UK Forgets There’s No Such Thing As A Free Lunch

Starting next year, UK state schools will offer free hot lunches to all students in their first three years of formal education. The lunches will be available to students ages five to seven regardless of their parents’ incomes.
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The announcement comes after the UK Department of Education published a report called The School Food Plan in July. It recommended providing free lunches to all students up to the age of eleven and banning homemade lunches.

The government’s new scheme does not go so far as to ban students from bringing their own food. However, that may happen in time. The School Food Plan sees homemade lunches as a huge problem, arguing that they are a major contributing factor to childhood obesity. Studies show that only 1 percent of homemade lunches meet government nutritional standards. The Plan also says that compulsory participation may be needed for free lunches to be economically viable. “A half-empty dining hall – like a half-empty restaurant – is certain to lose money. In order for the school food service to break even, average take-up needs to get above 50 percent [of students],” the Plan says. Currently, 57 percent of students bring a packed lunch.

The new government scheme is surprising in light of a study published last year which found that free school meals did not improve students’ health. The National Centre for Social Research, a respected independent body, was commissioned by the UK Department of Education to examine the results of a two-year pilot program where students in a limited number of schools were offered free lunches. Most students opted to take advantage of the offer. However, the report found “there was no evidence that the free school meal pilot led to significant health benefits during the two-year pilot period. For example, there was no evidence of any change in children’s body mass index.” Students ate healthier food during their school meals but continued to eat unhealthy food at other times. Also, some students were eating more than they were used to because they were served hot meals both at school and at home.

Despite the reports’ findings, the government has made it clear that this is the first step towards offering free meals to all primary school students, as the School Food Plan recommends. Announcing the new policy last week, Deputy Prime Minister Nick Clegg said, “We will start with infant school pupils because teaching healthy habits young, and boosting attainment early, will bring the biggest benefits.”

The UK’s Union of Teachers urged the government to further expand the program. Christine Blower, the union’s general secretary said in a press release: “Children however do not stop being hungry at 7 years of age.” She hopes the new policy is “just the start of rolling out free schools meals to all children in primary schools.”

Henry Dimbleby, co-auhor of the School Food Plan, echoed these sentiments. “It’s a massive step, hopefully it will be the first step on the way to free school meals for everyone,” he said in an interview with BBC Radio 4.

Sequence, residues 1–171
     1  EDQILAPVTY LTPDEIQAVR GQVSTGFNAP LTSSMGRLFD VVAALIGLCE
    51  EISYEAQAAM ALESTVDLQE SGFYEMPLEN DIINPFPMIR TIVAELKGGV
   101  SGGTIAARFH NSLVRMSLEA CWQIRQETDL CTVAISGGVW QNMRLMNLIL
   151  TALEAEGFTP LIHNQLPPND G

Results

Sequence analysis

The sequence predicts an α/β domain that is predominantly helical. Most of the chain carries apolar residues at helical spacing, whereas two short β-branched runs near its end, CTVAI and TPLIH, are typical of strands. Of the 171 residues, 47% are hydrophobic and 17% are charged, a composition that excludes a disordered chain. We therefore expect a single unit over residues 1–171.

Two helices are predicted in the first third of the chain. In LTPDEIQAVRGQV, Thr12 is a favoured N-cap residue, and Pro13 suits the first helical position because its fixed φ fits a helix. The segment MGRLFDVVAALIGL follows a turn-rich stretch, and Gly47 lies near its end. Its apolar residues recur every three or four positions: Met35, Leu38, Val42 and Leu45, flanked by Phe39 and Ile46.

When the School Food Plan was published, many commentators believed its recommendations were not feasible given the UK government’s current dire financial situation. Public debt exceeds 90 percent of national GDP. Most government departments have had their budgets cut.

The new plan for free lunches for students’ first three years is estimated to cost around $962 million. Details of how the new cost will fit into the government’s budget have yet to be released. Clegg believes the expense is worth it. “We believe that where we can find the money, even in these difficult times, we need to really invest that money in giving all children regardless of their family background the very best possible start in life.”

Clegg has framed the new scheme in terms of helping struggling families. Parents are believed to spend around $700 per year per child on school lunches.

The UK government has long provided free lunches to children whose parents are on welfare or have low incomes (currently defined as up to $26,000 per year). That policy will continue for students after their first three years.

However, the National Union of Teachers believes this does not go far enough. “With ever increasing rates of child poverty and childhood obesity, universal primary free school meals will not only bring about clear health and education benefits but will help support low income working parents and help to tackle child poverty,” said Blower.

If the National Center for Social Research’s findings last year are correct, most students will take up the offer of free meals. However, it is very unlikely that the benefits will exceed the costs.

Emma Elliot Freire is an American writer based in England. Free lunch image courtesy of Big Stock Photo.

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